Home / Articles / Adobe Photoshop / Basic Photo Corrections in Adobe Photoshop CS6

Basic Photo Corrections in Adobe Photoshop CS6

Article Description

Adobe Photoshop includes a variety of tools and commands for improving the quality of a photographic image. This lesson steps you through the process of acquiring, resizing, and retouching a photo intended for a print layout. The same basic workflow applies to web images.

From the book

Adobe Photoshop CS6 Classroom in a Book

Adobe Photoshop CS6 Classroom in a Book

$43.99 (Save 20%)

Getting started

Getting started

In this lesson, you’ll prepare a scanned photograph to be placed in an Adobe InDesign layout for a fictitious magazine. The final image size in the print layout will be 3.5x2.5 inches.

You’ll start the lesson by comparing the original scan to the finished image.

  1. Start Adobe Bridge CS6 by choosing Start > All Programs > Adobe Bridge CS6 (Windows) or double-clicking Adobe Bridge CS6 in the Applications folder (Mac OS).
  2. In the Favorites panel in the upper left corner of Bridge, click the Lessons folder. Then, in the Content panel, double-click the Lesson02 folder to see its contents.
  3. Compare the 02Start.jpg and 02End.psd files. To enlarge the thumbnails in the Content panel, drag the Thumbnail slider at the bottom of the Bridge window to the right.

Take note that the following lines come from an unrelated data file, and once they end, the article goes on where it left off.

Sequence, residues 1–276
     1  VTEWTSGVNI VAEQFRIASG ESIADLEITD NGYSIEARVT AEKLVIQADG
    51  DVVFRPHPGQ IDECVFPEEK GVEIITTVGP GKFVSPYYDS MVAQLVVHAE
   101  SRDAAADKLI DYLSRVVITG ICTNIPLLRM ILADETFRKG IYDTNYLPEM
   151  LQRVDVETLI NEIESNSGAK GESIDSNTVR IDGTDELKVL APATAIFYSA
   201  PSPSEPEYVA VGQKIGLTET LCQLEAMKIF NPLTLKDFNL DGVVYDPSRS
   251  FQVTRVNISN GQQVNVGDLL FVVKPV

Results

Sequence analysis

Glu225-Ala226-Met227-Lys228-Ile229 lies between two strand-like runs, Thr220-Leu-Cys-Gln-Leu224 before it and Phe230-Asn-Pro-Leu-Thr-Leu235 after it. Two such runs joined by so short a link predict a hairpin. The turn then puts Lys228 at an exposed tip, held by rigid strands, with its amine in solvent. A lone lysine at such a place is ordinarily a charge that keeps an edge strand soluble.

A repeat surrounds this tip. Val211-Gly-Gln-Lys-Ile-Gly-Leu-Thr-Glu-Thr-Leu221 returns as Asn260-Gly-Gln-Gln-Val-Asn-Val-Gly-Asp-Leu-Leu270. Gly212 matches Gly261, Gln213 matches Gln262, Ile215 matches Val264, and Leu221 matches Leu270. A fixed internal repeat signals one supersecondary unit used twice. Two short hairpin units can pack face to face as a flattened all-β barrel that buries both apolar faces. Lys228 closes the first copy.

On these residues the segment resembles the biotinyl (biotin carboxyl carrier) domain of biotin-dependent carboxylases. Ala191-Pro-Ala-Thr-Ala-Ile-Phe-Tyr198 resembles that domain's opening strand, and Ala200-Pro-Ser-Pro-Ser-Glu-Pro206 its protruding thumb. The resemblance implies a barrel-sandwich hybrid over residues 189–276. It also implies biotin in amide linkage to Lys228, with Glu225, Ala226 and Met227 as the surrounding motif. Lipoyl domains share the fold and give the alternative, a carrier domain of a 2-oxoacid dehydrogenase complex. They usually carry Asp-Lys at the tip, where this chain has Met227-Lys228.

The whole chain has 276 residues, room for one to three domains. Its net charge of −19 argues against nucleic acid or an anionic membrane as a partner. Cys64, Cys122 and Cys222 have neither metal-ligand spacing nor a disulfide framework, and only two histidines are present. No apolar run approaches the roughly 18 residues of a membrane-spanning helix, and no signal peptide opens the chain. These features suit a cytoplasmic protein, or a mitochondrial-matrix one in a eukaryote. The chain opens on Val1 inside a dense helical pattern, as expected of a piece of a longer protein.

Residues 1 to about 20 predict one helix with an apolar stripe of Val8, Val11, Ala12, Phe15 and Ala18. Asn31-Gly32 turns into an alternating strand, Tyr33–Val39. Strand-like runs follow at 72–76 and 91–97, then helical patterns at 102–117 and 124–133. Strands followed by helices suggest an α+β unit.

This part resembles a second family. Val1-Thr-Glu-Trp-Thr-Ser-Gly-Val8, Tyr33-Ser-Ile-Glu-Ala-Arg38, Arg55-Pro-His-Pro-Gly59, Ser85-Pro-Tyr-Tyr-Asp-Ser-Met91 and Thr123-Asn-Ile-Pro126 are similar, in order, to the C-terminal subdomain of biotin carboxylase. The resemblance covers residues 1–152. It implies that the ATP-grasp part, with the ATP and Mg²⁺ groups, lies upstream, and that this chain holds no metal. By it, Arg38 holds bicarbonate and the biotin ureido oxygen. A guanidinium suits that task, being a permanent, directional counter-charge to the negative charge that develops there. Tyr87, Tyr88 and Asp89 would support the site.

4. In the 02Start.jpg file, notice that the image is crooked, the colors are relatively dull, and the image has a red color cast. The dimensions are also larger than needed for the requirements of the magazine. You’ll fix all of these problems in this lesson, and even change the color of the girl’s cap. You’ll start by addressing the color and tone of the image.

  5. Select the 02Start.jpg thumbnail, and choose File > Open In Camera Raw.
  6. The image opens in Camera Raw. As you make changes to the image, Camera Raw saves those changes in a separate file that is associated with your original image file. You can return to the original at any time when working in Camera Raw.

4. Adjusting the color in Camera Raw | Next Section Previous Section